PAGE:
Sacrilege, right!?! All over the actual and virtual ski worlds, the Look Pivot is the be all and end all of ski bindings. There is no question the Look Pivot has one of the most loyal followings of any product on the market, it is one of the few products that, if a shop does not carry the Pivot, a customer will walk out but I am here to tell you, there is a substitute, the SPX 12. But unlike the Mazda Miata (Miata Is Always The Answer) the Pivot is not blessed with such an acronym. Therefore, it cannot always be the answer. Let us go line-by-line why, for the everyday skier, the SPX 12 is indeed a viable option over the storied Pivot 12.
- Ease of entry and exit. The Pivot can be quirky to get in and out of. The SPX 12 is much easier than the quirky Pivot's heel that can move around while getting in and often has to be reset after getting out.
- Speaking of getting out. The soft plastic of the Pivot heel (especially in colors other than black) can get more chewed up than a rib bone in the presence of a Rottweiler puppy. The SPX 12 has a nice metal cup embedded in the heel where your pole can release the heel with no damage.
- Adjustment range. The Pivot has about 8 mm of range and the SPX has over 20 mm, so if you are in the market for a possible different size boot, you may will be looking at a remount with the Pivot, but not with the SPX 12.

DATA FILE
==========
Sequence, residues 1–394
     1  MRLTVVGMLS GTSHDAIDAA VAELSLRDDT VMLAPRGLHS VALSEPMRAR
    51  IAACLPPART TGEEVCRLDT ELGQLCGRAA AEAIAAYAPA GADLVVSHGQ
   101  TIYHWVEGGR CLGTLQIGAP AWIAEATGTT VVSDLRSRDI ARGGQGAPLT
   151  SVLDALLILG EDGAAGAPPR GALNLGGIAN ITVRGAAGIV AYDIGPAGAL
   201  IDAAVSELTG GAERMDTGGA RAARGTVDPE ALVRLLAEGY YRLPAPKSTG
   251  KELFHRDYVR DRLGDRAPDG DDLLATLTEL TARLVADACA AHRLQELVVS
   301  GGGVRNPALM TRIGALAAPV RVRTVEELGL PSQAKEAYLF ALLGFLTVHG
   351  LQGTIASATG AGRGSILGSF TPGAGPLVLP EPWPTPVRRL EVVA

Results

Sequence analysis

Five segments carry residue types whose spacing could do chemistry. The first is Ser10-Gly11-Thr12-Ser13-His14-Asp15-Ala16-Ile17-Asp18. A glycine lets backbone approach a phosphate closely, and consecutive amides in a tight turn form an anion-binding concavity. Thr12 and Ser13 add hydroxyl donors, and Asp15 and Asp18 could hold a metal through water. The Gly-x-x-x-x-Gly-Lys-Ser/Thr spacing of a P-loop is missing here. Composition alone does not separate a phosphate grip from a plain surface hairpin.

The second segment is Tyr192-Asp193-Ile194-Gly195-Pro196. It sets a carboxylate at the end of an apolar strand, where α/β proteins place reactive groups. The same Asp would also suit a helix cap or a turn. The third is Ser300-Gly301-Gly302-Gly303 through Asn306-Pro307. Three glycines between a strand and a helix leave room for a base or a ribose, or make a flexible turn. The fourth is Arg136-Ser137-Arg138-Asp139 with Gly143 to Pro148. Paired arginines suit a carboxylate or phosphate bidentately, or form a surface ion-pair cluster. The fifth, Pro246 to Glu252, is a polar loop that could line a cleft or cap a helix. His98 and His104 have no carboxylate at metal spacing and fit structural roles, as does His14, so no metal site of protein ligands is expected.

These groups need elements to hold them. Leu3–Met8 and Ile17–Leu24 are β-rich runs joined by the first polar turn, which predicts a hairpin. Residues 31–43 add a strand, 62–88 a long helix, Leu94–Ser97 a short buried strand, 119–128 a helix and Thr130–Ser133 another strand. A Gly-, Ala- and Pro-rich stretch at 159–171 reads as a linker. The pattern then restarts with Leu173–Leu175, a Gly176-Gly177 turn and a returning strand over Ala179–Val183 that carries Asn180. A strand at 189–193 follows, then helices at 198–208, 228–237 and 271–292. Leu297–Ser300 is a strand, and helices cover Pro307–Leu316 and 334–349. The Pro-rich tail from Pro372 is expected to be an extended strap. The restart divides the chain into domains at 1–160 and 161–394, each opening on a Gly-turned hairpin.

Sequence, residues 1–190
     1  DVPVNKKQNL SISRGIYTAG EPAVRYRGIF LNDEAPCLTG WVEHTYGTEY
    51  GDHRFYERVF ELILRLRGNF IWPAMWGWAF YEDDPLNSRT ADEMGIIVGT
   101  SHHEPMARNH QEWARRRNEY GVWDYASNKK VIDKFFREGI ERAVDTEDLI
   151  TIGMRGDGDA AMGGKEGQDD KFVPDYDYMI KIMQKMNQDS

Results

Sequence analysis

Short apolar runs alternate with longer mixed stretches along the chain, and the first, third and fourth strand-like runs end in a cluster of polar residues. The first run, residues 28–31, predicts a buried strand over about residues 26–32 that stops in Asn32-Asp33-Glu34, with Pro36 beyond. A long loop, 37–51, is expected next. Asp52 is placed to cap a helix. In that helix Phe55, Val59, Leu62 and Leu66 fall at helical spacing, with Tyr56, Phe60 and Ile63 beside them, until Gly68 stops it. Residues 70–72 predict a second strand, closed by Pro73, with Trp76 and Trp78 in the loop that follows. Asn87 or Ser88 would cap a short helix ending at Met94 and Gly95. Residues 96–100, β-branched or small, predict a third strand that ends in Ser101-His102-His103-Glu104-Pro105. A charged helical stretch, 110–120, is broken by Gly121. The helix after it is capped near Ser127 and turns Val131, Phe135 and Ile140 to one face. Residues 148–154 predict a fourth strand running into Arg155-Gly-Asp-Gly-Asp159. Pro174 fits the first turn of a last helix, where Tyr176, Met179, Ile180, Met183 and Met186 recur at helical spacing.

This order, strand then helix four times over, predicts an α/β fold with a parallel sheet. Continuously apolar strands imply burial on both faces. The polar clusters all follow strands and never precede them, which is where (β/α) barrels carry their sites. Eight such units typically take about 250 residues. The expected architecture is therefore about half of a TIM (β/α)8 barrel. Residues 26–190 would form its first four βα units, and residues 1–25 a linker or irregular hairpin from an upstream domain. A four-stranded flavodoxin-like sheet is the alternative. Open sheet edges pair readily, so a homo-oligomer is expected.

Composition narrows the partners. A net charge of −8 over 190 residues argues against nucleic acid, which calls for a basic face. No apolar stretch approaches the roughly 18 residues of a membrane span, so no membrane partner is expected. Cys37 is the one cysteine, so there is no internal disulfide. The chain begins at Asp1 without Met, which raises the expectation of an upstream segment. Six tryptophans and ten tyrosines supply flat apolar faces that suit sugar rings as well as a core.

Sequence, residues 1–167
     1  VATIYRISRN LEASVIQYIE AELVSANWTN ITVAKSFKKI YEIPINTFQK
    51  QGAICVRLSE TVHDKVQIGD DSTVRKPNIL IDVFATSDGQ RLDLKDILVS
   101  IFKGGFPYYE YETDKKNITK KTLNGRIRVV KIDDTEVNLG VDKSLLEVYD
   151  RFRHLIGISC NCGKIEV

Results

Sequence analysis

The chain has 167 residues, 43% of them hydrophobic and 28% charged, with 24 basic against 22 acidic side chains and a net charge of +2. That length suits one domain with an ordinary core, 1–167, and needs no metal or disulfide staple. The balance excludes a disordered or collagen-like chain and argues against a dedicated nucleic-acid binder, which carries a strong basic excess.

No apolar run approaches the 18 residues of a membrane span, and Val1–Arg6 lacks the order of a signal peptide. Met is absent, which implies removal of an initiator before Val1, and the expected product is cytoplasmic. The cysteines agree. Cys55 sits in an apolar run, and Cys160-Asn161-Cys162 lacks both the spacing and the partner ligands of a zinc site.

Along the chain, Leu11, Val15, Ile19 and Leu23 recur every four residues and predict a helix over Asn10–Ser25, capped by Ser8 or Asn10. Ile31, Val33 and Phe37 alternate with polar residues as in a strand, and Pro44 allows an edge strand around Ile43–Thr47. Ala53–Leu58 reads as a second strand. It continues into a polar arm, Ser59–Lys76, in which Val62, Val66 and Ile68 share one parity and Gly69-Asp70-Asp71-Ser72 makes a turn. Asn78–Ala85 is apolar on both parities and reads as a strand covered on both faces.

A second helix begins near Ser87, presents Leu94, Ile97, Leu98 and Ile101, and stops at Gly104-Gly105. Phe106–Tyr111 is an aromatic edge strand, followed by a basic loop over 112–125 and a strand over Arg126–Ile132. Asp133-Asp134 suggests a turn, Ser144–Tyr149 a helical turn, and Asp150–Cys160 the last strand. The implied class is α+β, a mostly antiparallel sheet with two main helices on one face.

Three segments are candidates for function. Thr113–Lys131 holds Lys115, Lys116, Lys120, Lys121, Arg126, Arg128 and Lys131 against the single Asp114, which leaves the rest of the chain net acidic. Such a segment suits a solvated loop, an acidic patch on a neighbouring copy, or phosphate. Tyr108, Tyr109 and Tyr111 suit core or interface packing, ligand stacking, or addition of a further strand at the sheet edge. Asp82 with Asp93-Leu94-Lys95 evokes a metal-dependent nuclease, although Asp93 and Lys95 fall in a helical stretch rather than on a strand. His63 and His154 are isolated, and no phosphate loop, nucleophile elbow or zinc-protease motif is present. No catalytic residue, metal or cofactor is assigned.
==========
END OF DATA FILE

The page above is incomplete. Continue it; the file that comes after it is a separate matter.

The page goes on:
- Race bred. If you are in the camp where racing pedigree is the final word in a product's performance, the Pivot hasn’t been used in racing in about 25 years. What binding replaced it and what binding does every Rossignol, Dynastar and some RedBull Van Deer athletes use? I will give you a hint: “Espee-ex. “
- Brake options. Where we have a good range of brake options on the Pivot, there isn't really a good brake width for 80-90 mm wide skis, the SPX does offer a 90 mm brake.
- Speaking of brakes. The angled brake arm of the SPX retracts higher out of the way and less chance of getting caught on high edge angles or landing switch.
- Price/value. When they say it’s not about the money, it means that it is usually about the money. The SPX 12 is about $80 less than the Pivot 12. That is not an insignificant amount of change.
Yes the Pivot is a glorious binding worthy of all of the accolades it receives. But for the everyday Joe or Jane skier who might ski less than 20 days a year or does not push the limits, Pivot’s brother the SPX is a better alternative. Sure, you give up the short mount distance and low rotation weight that only the Pivot offers, but are you really going to miss that? In 99% of your skiing, no. The “7 Reasons” I posted above outweigh those two attributes. If you do need them, you will probably be stepping up to the “SkiTalk Derived and Endorsed” Pivot 15 or you can also seek out the Look SPX 12 Rockerace, the race version of the SPX 12. While that binding is designed only to work on Look’s R22 race plate, some have been mounting it flat on regular consumer skis and reaping a bit higher performance than the consumer SPX 12. So when you want a Look but don’t need a Pivot, the SPX is worth a look.